USAID challenge exposes development community to tech innovation

A Kenya-based NGO, Ushahidi has created a cell phone application that allows users to report basic information about humanitarian crises. After winning an internal USAID challenge, it is up for the 2008 Development 2.0 Challenge. Photo by: Erik Hersman

The potential to reach the world’s poor with affordable and useful information is immense as mobile phones are rapidly and cheaply spreading throughout the developing world. But the development benefits of mobile phones are only as good as the applications and services that can be accessed on a device.

Responding to this need for linking technology with economic growth, the U.S. Agency for International Development and TechSoup are partnering to foster development-focused information technology through its first open-source competition, dubbed the Development 2.0 Challenge.

The challenge is one of multiple projects that started under USAID’s Global Development Commons initiative, which aims to facilitate the sharing of information among donors and aid recipients. The GDC itself was established by USAID Administrator Henrietta H. Fore to seek out innovations that improve the affordability and accessibility of development information.

“USAID has over 50 years of experience in development, [but] the information on what works and what doesn’t hasn’t been shared very well,” said Wesley D. Wilson, a senior policy adviser to the USAID administrator. “That’s why the challenge is focused on mobile phones, which is the computing platform of the developing world if we are serious about getting information out there.”

Budding social entrepreneurs who enter the Development 2.0 Challenge will have the opportunity to present their ideas to a global audience and, if they are selected, receive grant funding. To submit an idea, candidates must first register and then post a proposal and business model, as well as information on the work experience and anticipated development impact.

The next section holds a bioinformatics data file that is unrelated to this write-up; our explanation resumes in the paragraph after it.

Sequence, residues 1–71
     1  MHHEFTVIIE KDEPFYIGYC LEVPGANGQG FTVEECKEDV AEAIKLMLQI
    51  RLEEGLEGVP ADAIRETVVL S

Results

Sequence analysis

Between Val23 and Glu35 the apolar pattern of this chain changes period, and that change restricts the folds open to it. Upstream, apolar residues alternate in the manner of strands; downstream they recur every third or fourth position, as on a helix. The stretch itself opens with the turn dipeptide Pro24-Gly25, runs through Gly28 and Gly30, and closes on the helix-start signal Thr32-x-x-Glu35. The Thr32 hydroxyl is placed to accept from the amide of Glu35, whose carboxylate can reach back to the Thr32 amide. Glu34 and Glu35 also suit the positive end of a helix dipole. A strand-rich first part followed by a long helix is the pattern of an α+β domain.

The Development 2.0 Challenge is open to individuals over the age of 18, groups of individuals, as well as nonprofit, noncommercial and commercial organizations with less than 50 full-time staff members.

Once posted on the NetSquared website, proposals are open to feedback from the site’s 13,500 registered users. Challenge participants may improve upon their ideas until Dec. 5, the submission deadline.

NetSquared users will vote Dec. 8-12 to determine the top 15 projects. Shortlisted candidates will receive an all-expenses-paid trip to Washington, D.C., to present their ideas on Jan. 15.

Three finalists will be chosen by a panel of technology and development experts from USAID, Vodafone, Wired magazine and other organizations. The first prize will be a $10,000 grant, while the two runners-up will receive $5,000 each to implement their ideas.

But, “getting their name and idea out there” to potential public and private donors may be the greatest benefit for all finalists, Wilson said.

NetSquared already lists more than three dozen submissions from across the globe. They focus on mobile technology for humanitarian emergencies, education, health, commodities pricing and other issues. Almost half of the projects address agricultural efficiency or mobile banking.

An idea from Central America, for instance, would allow farmers and buyers to exchange crop prices through text messaging or a call center that acts as an intermediary for semiliterate or illiterate farmers. Another proposal, born out of the post-election violence in Kenya and dubbed Ushahidi Mobile Crisis Reporting (ushahidi is Kiswahili for “testimony”), would allow anyone with a cellphone to report information about man-made or natural disasters. Yet another proposal, focused on education, could allow parents and teachers to receive “digital” report cards to track a student’s performance.

The Development 2.0 Challenge’s primary goal is to “bring exposure to what’s happening on the ground” and allowing participant ideas to “gain traction across the [development] community,” said TechSoup CEO Marnie Webb.

Candidates can actively engage the NetSquared community by responding to comments and sharing ideas with other participants. In fact, they may benefit from interacting with the NetSquared community.

“Reciprocal behavior gets rewarded,” said Webb, who has set up other challenges that try to link technology to poverty alleviation.

USAID hopes to make the Development 2.0 Challenge “a tradition … that will be picked up by the next administration” and “connect international development professionals with really smart entrepreneurs,” said Elizabeth Kountze, alliance outreach specialist of the Global Development Commons.

About the author

  • Oliver Subasinghe

    Oliver joined Devex in late 2008 as an international development correspondent and researcher. He previously served as a microfinance fellow for Kiva in Kenya and Uganda. During his tenure, he worked with Kiva’s field partners to improve their operations and governance. Oliver holds a master's in business from the College of William & Mary.